Cape Gazette
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Wine

Great ratings don't bring price hikes at Frankland Estates

By John McDonald | Feb 06, 2012

Another week packed with interesting finds. The best value for my palate: Chateau Les Ormes De Pez 2009 (elms of Pez), owned by Ch. Lynch-Bages and the Cazes family, priced around $400/case. Ready in 2017. You can purchase half bottles, a case of 24, around $480. You will probably be able to find it closer to maturity for a small premium or maybe more cheaply due to the 2009 Bordeaux brouhaha. This usually produces 15K cases. Parker was bit stingy with his praise at 91 points. Consensus is 92-94.

McD says 94. Very dark purple. Bouquet closed; with lots of air, opened to blackberry and cassis. Medium body, crisp tannins, proper acidity, strawberry, gravel-like minerality and a touch of raspberry on the palate; it finishes cleanly, with an elegance not often found in St. Estephe. Another shown at this tasting of Cru Bourgeois 2009 St. Estephe was Chateau le Crock, $33, 93 points. I had to try it, with that name. The producers and owners are Ch. Léoville Poyferré.

As a reference point, close neighbors St. Estephe Grand Cru Classe deuxiemes crus Chateaux, Montrose and Cos d’Estournel sell for $195 and $275, respectively. Do not confuse with Chateau de Pez, 90 points, which is the oldest vineyard in St. Estephe, also Exceptionnel and quite delicious but closer to $40/bottle.

An interesting side note on Bourgeois Exceptionnels ratings: Because some in France and worldwide felt that the initial ratings in 1855 were flawed and out of date due to time lapse, initial politics, revitalization of overlooked estates and a host of other reasons, cru bourgeois was implemented in 1932, comprising 444 producers. This also failed, primarily due to World War II and politics. Beginning in 2000- 03, a new three-tier rating was produced. In 2000, the grand poobahs decided to review 247 nonrated wineries. Of these, the following received the coveted high rating of Crus Bourgeois Exceptionnels: Château Chasse-Spleen (Moulis-en-Médoc), Château Haut-Marbuzet (Saint-Estèphe), Château Labégorce Zédé (Margaux), Château Les Ormes-de-Pez (Saint-Estèphe), Château de Pez (Saint-Estèphe), Château Phélan Ségur (Saint-Estèphe), Château Potensac (Médoc), Château Poujeaux (Moulis-en-Médoc), and Château Siran (Margaux).

Naturally the French producers who missed the cut were outraged. Unlike those old froggys who missed in 1855 and 1933 but without the clout of Baron Phillipe Rothschild, the moderns, who had access to the French court system, twanged their magic twangers and challenged. During 2010, a new system was introduced. The best of the Exceptionnels said, ”Venez me baiser, ou le soliel ne brille pas (to mix national idioms and languages); they opted to form their own group which continues to be named, and is in most vintages, Exceptionnels. They are: Château Chasse Spleen, Château Les Ormes de Pez, Château de Pez, Château Potensac, Château Poujeaux and Château Siran.[9].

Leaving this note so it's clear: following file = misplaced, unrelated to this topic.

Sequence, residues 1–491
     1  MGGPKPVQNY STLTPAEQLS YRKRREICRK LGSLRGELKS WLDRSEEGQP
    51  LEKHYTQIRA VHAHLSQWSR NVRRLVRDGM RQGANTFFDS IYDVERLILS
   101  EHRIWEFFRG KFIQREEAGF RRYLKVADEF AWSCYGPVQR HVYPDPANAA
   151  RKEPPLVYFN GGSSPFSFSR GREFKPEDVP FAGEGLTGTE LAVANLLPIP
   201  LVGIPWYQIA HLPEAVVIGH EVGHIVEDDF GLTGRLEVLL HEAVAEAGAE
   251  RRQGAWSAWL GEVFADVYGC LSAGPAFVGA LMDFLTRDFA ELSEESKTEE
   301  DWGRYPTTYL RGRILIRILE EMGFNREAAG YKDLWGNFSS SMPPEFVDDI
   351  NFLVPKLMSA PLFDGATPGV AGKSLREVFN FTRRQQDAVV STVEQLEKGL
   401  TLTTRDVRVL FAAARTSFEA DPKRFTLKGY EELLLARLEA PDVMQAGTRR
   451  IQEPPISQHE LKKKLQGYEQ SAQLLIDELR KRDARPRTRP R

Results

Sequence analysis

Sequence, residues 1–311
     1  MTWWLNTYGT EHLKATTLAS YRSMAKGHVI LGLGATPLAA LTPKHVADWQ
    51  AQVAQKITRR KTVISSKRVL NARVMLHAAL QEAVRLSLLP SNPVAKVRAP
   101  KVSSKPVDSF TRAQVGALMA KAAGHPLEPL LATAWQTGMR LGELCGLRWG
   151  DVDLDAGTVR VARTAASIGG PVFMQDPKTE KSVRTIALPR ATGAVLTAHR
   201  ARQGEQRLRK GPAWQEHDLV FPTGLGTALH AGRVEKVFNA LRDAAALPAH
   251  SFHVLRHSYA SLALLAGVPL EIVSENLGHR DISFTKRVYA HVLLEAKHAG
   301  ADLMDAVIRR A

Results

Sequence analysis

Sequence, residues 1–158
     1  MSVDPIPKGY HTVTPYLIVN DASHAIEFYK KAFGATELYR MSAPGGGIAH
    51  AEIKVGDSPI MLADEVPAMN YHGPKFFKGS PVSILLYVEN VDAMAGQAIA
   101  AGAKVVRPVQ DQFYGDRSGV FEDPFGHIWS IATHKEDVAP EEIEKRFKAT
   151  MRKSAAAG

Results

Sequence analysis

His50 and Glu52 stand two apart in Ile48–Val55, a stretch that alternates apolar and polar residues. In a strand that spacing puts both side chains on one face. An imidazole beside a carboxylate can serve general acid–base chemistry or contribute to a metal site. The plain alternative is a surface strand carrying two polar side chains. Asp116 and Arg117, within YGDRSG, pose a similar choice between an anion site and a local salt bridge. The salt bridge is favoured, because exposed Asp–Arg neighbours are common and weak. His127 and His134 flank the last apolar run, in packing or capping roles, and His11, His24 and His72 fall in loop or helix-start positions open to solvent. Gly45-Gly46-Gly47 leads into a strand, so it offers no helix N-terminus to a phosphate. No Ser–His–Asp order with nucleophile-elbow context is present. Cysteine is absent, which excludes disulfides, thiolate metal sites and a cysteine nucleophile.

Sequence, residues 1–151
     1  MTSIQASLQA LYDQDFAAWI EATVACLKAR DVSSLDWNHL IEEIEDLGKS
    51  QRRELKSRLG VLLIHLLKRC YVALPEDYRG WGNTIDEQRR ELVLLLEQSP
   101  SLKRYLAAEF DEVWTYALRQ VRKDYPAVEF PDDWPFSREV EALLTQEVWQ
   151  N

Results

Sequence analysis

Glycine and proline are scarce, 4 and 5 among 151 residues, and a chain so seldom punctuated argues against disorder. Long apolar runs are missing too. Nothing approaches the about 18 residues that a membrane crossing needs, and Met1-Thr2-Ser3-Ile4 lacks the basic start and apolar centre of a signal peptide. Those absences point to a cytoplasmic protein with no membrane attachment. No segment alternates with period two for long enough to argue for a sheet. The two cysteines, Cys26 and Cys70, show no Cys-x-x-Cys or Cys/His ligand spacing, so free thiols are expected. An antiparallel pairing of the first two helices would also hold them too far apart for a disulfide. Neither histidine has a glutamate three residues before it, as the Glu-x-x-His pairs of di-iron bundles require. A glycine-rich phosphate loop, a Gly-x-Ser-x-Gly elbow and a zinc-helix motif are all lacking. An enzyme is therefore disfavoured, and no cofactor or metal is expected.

The 2009 Clos des Papes Chateauneuf, 96 points, is on sale under $100. A bit backward, but shows great promise. Decanting plus several pour-overs released cocoa, plum, red licorice and cassis. Tight tannic grip, very dark color, proper acid balance with a very long finish that shows tea and mineral notes. Drink 2014-25. I’d wait on purchase due to 9K cases production and huge write-ups.

Old-time Chardonnay fanciers, try to locate some Gann Cellars Russian River Chardonnay. I had not known Gann produced Chardonnay. It produces a wide varietal selection of lovely wines from its own grapes. First Chardonnay vintage was 2006; it won an 89 at the Chardonnay Shootout. I loved the 2007, a lovely pale golden-colored wine that was barrel fermented and aged in oak. A grand bouquet of pineapple, oranges and butterscotch nuanced by vanilla and oak; this is nicely balanced. It is completely dry, yet it finishes sweetly due to the ripe fruit aromas. I particularly appreciated the buttered popcorn finish that was cleaned up by refreshing acidity. If more folks made affordable Chardonnay that had Gann’s profile, I would probably still be an advocate. Chard aficionados should have their wine shoppe friends order some.

Frankland Estates Dry Riesling Isolation Ridge is constantly rated in the 93-96-point range since 2003. Go here, after reading the entire paper, of course: http://www.franklandestate.com.au/accolades/single-vineyard-rieslings/isolation-ridge-riesling. I am letting you know now so you can alert your wine shoppe hero before the 2011 is released. The wonderful thing about this producer is it has held its price line even in the face of great ratings and selling out inventory. It deserves our support for providing great wine over many vintages at fair prices. I would try to buy a case, mixed four each of 2008, ’09 and ‘10. You might find it under $300.

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